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Photo: Thinkstock

Meers has another suggestion for managing sawfly, although this one might be counterintuitive to those who struggle with the pest. He recommends leaving more stubble when harvesting. A parasitoid that attacks sawfly overwinters in wheat in the bottom portion of the stem. “The more stem you can leave at harvest time, the more survival of the parasitoid,” said Meers. “In the long run, that seems to be one of the drivers in the population.” 

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4. Direct seeding

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Photo: File

Direct seeding is also recommended, as it doesn’t disturb the stubble and therefore the parasitoid that harms sawfly. “The less damage you can do to the previous year’s crop, the better,” he said. “Because the parasitoids don’t actually emerge until late June or July.”

Related: Wheat midge 101: the basics of scouting

5. Avoiding cultivation and burning

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Photo: File

Things that don’t work include cultivation and burning. “There’s a really nice study out of Montana that shows that cultivation actually, in the long run, benefits the sawfly because the parasitoid doesn’t survive as well through cultivation as the sawfly does,” he said. 

Harrowing helps some, but the same problem that arises with cultivation arises here as well. That is, harrowing seems to impact parasitoid populations more than sawfly populations.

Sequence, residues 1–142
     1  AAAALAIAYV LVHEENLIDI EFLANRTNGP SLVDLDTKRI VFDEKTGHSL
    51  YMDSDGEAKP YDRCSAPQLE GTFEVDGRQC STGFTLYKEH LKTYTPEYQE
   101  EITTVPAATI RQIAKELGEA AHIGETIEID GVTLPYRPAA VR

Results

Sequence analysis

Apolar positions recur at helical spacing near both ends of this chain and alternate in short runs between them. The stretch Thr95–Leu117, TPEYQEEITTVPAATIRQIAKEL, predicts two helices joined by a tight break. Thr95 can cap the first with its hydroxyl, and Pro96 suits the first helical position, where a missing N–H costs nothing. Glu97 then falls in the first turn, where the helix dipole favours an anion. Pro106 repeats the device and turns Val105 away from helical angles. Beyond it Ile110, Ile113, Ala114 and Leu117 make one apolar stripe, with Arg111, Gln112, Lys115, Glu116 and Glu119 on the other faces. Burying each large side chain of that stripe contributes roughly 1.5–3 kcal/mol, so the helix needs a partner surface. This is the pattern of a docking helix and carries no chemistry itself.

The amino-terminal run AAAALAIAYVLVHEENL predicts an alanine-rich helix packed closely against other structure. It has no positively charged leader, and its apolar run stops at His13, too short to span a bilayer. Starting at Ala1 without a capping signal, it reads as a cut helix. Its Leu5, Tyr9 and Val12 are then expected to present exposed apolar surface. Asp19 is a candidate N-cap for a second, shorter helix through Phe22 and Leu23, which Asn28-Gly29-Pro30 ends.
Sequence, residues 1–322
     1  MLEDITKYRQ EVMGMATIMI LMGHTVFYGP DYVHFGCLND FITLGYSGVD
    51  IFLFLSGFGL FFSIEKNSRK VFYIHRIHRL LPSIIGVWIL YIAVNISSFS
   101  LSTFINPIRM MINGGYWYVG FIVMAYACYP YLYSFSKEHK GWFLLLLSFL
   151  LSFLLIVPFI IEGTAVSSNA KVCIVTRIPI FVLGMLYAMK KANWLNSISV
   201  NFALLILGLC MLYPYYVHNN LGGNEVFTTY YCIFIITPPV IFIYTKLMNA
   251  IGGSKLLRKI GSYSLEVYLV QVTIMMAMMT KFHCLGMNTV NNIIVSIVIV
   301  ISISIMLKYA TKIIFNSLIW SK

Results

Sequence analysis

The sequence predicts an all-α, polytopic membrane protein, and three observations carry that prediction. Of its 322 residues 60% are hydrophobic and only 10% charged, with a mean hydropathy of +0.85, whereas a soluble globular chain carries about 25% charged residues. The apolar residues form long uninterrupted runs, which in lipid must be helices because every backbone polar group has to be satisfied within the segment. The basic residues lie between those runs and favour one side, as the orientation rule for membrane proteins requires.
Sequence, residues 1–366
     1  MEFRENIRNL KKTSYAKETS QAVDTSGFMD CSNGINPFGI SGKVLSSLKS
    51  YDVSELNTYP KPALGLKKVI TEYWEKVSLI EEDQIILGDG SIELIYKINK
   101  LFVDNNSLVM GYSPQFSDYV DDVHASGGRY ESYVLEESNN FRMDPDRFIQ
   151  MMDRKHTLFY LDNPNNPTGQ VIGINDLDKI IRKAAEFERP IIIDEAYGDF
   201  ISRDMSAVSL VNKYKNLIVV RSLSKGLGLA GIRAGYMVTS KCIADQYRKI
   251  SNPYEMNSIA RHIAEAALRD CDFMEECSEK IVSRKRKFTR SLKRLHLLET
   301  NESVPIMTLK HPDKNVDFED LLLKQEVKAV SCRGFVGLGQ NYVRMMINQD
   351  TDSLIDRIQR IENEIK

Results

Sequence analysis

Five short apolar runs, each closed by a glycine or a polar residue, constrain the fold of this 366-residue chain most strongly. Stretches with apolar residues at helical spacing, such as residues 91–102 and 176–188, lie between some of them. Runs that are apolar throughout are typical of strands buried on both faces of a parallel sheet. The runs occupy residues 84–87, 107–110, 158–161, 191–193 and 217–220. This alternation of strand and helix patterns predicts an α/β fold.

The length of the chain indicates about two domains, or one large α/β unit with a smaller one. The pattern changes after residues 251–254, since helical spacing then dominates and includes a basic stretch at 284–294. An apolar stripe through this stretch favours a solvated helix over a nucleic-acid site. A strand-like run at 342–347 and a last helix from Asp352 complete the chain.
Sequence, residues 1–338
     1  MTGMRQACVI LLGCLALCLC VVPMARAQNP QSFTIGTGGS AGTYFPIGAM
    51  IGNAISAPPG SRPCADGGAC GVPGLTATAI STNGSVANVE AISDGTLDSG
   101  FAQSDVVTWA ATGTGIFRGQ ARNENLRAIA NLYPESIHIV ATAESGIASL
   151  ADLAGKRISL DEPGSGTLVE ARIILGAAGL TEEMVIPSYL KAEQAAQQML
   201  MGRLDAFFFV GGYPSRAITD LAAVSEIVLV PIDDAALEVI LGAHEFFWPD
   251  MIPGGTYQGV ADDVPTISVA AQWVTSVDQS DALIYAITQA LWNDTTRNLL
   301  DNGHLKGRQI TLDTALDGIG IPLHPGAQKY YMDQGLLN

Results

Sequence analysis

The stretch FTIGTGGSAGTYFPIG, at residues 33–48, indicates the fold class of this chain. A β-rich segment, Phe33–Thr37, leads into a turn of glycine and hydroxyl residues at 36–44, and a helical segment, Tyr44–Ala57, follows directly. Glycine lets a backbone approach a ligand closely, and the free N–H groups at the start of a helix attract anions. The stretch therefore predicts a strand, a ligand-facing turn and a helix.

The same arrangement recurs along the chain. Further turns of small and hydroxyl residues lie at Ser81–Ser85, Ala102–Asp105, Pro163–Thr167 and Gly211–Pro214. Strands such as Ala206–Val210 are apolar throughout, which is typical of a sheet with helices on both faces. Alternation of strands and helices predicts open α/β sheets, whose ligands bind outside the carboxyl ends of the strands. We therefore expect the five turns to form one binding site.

Related: High fire risk means burning unharvested crops should be a ‘last resort’

6. Choosing the right variety

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Photo: Thinkstock

Finally, Meers suggests choosing a more tolerant wheat variety. With the modernization of Canada’s wheat classes, which takes effect August 1, 2018, 25 Canada Western Spring (CWRS) varieties and four Canada Prairie Spring Red (CPSR) varieties will move to the Canada Northern Hard Red (CNHR) class. For those dealing with sawfly, the change raises concerns. One of the varieties impacted by the modernization act is Lillian, a semi-solid stem variety that better stood up to infestations. 

“The biggest concern isn’t that they can’t grow it and sell it,” said Meers. “It’s that they can’t grow it and sell it for the same price anymore. They haven’t lost it — they’ve lost it economically.”

While concerns are valid, the plan was designed with the protection of quality and consistency in mind. Additionally, new varieties are expected to come down the pipeline as soon as 2018. 

Pierre Hucl, researcher at the University of Saskatchewan’s Crop Development Centre (CDC), said they already have a new wheat variety that should be a good replacement for Lillian. The new variety, CDC Adamant, meets modern quality requirements and yields 15 to 20 per cent higher than Lillian. CDC Adamant has already received support for registration and could be available as soon as 2018.

Related: New wheat varieties fight fusarium